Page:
agile project management

This definition is part of our Essential Guide: QUEST 2014: News from the conference
Contributor(s): Christina Torode

Agile project management is an iterative approach to planning and guiding project processes. 

Just as in agile software development, an agile project is completed in small sections called iterations. Each iteration is reviewed and critiqued by the project team, which may include representatives of the client business as well as employees. Insights gained from the critique of an iteration are used to determine what the next step should be in the project. Each project iteration is typically scheduled to be completed within two weeks.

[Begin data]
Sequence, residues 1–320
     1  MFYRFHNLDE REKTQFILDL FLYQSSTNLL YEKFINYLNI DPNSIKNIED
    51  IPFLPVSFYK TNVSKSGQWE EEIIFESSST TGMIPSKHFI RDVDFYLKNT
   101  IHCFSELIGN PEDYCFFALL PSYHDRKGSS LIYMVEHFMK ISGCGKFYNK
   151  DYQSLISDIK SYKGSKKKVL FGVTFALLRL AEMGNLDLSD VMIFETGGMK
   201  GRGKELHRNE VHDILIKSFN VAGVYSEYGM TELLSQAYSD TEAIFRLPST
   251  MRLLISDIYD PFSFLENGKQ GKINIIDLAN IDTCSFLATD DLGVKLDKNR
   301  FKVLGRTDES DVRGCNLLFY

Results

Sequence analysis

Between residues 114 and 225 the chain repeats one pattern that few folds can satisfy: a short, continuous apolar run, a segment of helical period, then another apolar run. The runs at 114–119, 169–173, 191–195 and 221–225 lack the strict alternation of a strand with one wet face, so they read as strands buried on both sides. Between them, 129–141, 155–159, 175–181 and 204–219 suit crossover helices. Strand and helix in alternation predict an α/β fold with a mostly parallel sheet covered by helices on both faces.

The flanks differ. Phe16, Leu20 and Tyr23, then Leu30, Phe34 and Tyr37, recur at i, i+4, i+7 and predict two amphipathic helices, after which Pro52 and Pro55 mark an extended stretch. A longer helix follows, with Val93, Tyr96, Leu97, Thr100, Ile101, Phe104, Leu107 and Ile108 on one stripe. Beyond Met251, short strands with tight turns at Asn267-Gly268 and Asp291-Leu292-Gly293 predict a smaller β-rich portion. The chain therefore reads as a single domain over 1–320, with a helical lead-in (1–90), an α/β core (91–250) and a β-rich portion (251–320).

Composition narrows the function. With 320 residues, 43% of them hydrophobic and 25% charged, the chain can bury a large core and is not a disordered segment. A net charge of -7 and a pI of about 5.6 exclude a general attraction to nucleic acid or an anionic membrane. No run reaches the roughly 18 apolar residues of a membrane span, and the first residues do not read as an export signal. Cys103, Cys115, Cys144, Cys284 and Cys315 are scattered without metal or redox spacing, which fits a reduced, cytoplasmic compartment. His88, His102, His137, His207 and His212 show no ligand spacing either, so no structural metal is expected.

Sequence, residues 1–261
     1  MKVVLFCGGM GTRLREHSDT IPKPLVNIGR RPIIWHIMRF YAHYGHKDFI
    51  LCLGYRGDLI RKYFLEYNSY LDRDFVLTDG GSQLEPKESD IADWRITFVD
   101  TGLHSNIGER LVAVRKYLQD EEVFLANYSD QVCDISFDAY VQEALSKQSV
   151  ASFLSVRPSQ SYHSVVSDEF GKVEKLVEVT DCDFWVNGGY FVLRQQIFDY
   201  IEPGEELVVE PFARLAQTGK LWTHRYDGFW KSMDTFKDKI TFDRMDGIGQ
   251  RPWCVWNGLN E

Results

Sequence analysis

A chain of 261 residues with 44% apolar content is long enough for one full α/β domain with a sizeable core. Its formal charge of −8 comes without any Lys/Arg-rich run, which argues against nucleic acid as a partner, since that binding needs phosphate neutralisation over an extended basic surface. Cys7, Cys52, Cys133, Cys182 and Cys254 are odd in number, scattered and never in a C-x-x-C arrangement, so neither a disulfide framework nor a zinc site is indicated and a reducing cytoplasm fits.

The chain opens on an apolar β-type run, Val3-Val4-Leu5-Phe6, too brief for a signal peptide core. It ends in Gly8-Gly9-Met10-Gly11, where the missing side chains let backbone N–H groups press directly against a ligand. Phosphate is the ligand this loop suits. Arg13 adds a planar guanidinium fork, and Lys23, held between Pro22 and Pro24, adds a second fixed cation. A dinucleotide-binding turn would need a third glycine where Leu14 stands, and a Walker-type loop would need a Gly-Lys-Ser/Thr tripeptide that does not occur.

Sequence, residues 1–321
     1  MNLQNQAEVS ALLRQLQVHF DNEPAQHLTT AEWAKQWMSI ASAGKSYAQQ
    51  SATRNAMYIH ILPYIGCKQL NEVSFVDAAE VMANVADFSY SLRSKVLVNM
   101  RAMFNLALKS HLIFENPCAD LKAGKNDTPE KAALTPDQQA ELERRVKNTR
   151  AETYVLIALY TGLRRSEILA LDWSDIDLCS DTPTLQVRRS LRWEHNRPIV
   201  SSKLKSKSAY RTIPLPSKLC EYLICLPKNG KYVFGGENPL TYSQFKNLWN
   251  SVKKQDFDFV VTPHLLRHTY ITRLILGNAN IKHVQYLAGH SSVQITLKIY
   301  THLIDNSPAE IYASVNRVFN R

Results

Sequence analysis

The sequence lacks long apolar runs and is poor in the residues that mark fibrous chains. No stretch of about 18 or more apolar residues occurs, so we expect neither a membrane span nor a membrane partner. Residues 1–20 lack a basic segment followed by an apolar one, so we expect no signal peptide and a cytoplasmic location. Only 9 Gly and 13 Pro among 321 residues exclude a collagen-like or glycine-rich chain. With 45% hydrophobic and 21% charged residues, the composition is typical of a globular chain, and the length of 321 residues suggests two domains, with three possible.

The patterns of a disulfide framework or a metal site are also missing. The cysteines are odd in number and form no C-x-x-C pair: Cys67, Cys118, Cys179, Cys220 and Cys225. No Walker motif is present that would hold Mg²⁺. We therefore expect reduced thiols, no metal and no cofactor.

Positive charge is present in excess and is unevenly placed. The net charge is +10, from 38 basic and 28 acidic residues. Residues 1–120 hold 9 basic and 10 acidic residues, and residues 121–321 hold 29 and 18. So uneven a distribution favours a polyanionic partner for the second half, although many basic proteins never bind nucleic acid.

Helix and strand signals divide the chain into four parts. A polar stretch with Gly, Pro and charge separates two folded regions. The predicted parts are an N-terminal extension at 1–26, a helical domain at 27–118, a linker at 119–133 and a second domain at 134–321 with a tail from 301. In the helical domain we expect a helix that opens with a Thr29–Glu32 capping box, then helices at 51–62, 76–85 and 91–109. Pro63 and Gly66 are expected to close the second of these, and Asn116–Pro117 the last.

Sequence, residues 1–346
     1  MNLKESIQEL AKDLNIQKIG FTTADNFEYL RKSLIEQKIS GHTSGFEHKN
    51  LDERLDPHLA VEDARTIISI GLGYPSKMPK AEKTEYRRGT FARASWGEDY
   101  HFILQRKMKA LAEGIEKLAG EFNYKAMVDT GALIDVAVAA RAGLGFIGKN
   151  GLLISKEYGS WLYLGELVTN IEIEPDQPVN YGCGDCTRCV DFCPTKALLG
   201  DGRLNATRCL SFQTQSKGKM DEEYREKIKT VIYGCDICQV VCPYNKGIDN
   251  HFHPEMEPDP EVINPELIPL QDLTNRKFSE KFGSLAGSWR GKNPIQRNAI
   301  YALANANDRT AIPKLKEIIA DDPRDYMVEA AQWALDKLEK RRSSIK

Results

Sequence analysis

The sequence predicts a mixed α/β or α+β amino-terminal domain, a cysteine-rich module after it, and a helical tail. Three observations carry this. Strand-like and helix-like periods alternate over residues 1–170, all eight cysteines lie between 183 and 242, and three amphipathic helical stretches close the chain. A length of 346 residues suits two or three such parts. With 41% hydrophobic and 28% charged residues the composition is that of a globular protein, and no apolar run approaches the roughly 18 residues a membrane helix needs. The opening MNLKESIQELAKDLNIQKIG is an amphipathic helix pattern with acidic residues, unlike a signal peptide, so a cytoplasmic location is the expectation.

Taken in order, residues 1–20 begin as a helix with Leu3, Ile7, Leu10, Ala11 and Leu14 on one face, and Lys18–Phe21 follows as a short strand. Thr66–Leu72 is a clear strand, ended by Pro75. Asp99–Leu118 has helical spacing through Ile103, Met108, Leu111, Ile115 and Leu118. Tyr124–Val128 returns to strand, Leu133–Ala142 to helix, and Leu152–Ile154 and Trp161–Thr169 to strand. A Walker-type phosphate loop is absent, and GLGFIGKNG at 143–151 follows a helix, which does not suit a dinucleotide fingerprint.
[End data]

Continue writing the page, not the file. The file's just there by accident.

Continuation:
The main benefit of agile project management is its ability to respond to issues as they arise throughout the course of the project. Making a necessary change to a project at the right time can save resources and, ultimately, help deliver a successful project on time and within budget. 

Because agile management relies on the ability to make decisions quickly, it is not suitable for organizations that tend to deliberate over issues for a prolonged period or for those that take decisions to a committee. 


This was first published in August 2011

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